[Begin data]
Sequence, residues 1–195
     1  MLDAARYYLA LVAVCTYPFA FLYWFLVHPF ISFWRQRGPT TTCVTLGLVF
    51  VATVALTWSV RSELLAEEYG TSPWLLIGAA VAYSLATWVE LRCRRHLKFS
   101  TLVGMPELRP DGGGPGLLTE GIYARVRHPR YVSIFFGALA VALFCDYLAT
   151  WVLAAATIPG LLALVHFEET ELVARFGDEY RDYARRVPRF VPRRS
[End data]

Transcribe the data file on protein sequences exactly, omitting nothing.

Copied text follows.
Sequence, residues 1–195
     1  MLDAARYYLA LVAVCTYPFA FLYWFLVHPF ISFWRQRGPT TTCVTLGLVF
    51  VATVALTWSV RSELLAEEYG TSPWLLIGAA VAYSLATWVE LRCRRHLKFS
   101  TLVGMPELRP DGGGPGLLTE GIYARVRHPR YVSIFFGALA VALFCDYLAT
   151  WVLAAATIPG LLALVHFEET ELVARFGDEY RDYARRVPRF VPRRS